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After rape and sexual assault allegations, Skout app shuts down teen service

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Mobile app Skout has suspended its teen community network as a result of alleged multiple rapes of minors being tied to its service. While the location-based dating and flirting app is primarily for use by adults, Skout decided to open up the gates to the under-18 set and give them their own division. By segmenting them away from its older users, Skout thought it was taking the necessary precautions.

Unfortunately, this was not the case. According to The New York Times, men were allegedly posing as teenagers to connect with minors via Skout. “In one case, a 15-year-old Ohio girl said she had been raped by a 37-year-old man,” says the NY Times. “In the second, a 24-year-old man has been accused of raping a 12-year-old girl in Escondido, Calif. In the third, a 21-year-old man from Waukesha, Wis., is facing charges that he sexually assaulted a 13-year-old boy.”

As a result, Skout founder and CEO Christian Wiklund says it will no longer be available to anyone under 18. “In recent weeks, we’ve learned of several incidents involving a few bad actions trying to take advantage of some of our younger members. We thought carefully about what to do. We know how much Skout means to our teen community, and, at Skout, our community means everything to us. For now, we believe that there’s only one thing we can do: until we can design better protections, we are temporarily shutting down the under-18 community.”

Our online guards have been progressively lowered as a result of social networking sites. When the likes of MySpace, Friendster, and LiveJournal were first mass introduced, not a day went by without mention of keeping yourself safe on these sites. For many people – including plenty of minors – they made the Internet new, different, and interactive… and risky.

But we’ve gotten smarter and so have social sites. Users are far more educated about privacy settings and security controls than they used to be; the caution tape is much thicker and generally taken more seriously. There’s more concern about our data and how we share, and it’s not a fringe set of consumers who care, it’s nearly all of them. And all this talk about social networking safety might be making us feel more secure than we actually are.

There’s also the fact that all ages should not apply. While Skout doesn’t draw too much attention to the fact that it’s a location-based social app, a la Highlight, Sonar, or Banjo, it includes this feature. Combine that with the app’s inherent purpose – “flirt, friend, chat” – and there should be a big “no kids allowed” sign all over it. Dating sites don’t allow anyone under 18 to sign up, so why would dating apps?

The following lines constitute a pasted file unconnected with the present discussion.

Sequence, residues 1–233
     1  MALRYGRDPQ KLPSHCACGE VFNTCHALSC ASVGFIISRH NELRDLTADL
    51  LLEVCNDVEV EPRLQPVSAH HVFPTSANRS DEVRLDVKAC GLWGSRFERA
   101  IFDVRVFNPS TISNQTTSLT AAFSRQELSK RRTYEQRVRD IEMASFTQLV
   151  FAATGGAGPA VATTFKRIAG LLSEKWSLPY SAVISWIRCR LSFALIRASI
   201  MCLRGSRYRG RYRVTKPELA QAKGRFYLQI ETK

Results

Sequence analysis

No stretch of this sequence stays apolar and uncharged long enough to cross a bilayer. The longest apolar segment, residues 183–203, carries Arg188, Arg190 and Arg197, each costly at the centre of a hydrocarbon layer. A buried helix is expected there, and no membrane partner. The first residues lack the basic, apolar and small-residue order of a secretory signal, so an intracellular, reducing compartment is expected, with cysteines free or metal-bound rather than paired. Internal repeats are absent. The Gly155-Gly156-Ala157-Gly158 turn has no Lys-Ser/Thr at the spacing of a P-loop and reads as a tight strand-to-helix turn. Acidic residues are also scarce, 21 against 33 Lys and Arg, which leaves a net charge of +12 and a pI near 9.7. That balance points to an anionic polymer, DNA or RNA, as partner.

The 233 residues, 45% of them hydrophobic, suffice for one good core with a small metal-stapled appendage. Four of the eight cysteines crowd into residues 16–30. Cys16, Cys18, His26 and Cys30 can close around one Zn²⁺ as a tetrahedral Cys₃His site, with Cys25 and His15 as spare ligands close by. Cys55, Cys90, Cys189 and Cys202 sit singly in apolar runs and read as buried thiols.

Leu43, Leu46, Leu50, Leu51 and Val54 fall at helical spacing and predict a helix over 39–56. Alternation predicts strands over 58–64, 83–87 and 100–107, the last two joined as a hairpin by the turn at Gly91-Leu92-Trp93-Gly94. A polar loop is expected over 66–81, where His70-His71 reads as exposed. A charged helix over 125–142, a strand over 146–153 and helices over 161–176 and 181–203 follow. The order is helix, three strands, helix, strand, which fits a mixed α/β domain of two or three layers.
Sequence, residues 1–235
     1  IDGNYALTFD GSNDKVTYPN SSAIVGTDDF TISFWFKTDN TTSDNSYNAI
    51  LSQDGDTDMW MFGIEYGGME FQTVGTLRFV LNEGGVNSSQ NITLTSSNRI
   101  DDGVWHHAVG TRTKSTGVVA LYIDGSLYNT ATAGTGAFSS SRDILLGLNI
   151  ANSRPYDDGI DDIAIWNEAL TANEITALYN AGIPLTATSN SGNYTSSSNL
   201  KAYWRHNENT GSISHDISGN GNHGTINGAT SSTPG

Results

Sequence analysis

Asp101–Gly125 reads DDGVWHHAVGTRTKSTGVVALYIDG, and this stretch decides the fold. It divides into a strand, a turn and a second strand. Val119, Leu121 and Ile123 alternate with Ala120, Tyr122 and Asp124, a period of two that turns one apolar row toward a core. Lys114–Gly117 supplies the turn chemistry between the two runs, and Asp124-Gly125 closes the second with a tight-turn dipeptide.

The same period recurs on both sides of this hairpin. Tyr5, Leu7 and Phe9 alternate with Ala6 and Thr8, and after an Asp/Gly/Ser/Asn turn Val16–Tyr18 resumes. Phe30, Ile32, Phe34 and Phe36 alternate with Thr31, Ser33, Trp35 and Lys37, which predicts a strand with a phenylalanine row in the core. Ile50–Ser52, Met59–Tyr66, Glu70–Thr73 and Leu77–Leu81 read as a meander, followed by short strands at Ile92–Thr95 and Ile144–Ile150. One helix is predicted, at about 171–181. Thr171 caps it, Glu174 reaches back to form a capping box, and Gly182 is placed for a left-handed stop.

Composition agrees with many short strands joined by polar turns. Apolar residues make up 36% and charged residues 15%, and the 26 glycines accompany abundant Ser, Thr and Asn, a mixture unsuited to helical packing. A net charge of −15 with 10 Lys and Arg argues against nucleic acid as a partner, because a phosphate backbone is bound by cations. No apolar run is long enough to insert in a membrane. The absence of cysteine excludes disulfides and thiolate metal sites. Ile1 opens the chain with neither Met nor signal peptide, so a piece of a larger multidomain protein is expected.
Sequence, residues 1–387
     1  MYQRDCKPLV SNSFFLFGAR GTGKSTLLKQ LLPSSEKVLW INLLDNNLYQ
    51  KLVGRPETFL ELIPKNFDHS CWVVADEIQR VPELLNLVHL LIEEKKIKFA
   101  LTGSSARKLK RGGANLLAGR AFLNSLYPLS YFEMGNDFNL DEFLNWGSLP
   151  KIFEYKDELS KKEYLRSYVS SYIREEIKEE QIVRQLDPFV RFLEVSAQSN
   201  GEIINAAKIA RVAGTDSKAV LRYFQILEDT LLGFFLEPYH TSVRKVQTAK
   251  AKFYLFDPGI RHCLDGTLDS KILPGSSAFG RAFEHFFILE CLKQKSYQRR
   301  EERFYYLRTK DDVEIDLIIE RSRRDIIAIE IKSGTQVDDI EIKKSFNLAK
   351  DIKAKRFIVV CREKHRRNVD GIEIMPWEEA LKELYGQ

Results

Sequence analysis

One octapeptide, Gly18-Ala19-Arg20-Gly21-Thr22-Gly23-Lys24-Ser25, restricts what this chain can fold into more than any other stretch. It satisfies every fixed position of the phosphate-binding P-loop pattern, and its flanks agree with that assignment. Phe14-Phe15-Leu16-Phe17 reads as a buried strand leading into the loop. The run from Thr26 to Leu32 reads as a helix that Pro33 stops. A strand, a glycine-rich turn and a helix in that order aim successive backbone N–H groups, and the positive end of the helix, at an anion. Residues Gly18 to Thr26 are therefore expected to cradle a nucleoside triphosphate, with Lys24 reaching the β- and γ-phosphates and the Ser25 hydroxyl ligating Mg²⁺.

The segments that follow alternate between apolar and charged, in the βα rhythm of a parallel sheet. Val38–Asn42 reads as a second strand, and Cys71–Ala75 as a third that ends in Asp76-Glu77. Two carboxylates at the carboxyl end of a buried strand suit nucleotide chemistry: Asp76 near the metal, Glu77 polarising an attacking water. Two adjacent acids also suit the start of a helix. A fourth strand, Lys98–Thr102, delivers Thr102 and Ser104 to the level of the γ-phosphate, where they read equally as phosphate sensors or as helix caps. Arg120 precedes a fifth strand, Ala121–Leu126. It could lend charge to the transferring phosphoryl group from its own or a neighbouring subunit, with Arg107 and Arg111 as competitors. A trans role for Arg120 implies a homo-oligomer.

Another question should be raised in all this, and that’s age restrictions on ambient social, location-based apps, like the aforementioned Banjo. Banjo tells me that it defers to the age restrictions of the social networks its users choose to connect to it with – which are Twitter, Foursquare, Instagram, and Facebook. Facebook, Instagram, and Foursquare have a minimum age requirement of 13. Twitter does not appear to have one. I assume that Banjo’s policy applies to most if not all SoLoMo apps, but I had not heard back as of press time. Highlight and Sonar both adhere to the age limits of their integrated social networks as well. Skout also leverages Facebook to integrate users into its service, for the record.

So if someone is old enough to use Facebook, are they necessarily old enough to use the apps it feeds into? I’m playing devil’s advocate here, and it’s very possible that many people think Facebook has all the same dangers that any other digital community does. Maybe it has more to do with a social application’s focus — one with options to add someone to a “hot list” or see “who checked you out” may encourage a certain type of activity and attract a certain type of person. Whatever lies at the root of problems regarding minors, safety, and social, these are important questions to ask — and ones that Skout unfortunately will have to deal with now. 

[UPDATE]

I reached out to location dating app SinglesAroundMe to ask some questions about how their service works. I was told that according to iTunes and the App Store’s policy, dating apps have to require users be over 18 years old, the age limit SinglesAroundMe imposes. Skout must have been operating under the assumption that it was merely a social app and not a dating one, although the app honestly appears to cross that line given its clear purpose to meet, flirt, and find dates. How Skout didn’t fall into this category is beyond me. Here’s an app called SpeedFlirt that looks fairly similar to Skout — actually, it looks tamer — that doesn’t allow minors. 

CEO of social-local app EchoEcho and advisor to upcoming video dating app Flikdate Nick Bicanic also answered a few questions for me about age verification, dating apps, location apps, safety, and how they intersect. He says that while Flikdate uses Facebook for identity and age verification (users must be over 18), the team knows that you can lie about this stuff — and they’re prepared to out those people. The video aspect, which is how Flikdate entirely operates, obviously makes it increasingly more difficult to try to pass yourself off as years older than you actually are. The quick-denial you’re able to give potential suitors also helps avoid unsafe situations. “In a nutshell – it’s the real-time video aspect of Flikdate that’s both fun, fast, and safe… because it pulls back the curtain that sexual offenders need in order for their ruse to work,” he says.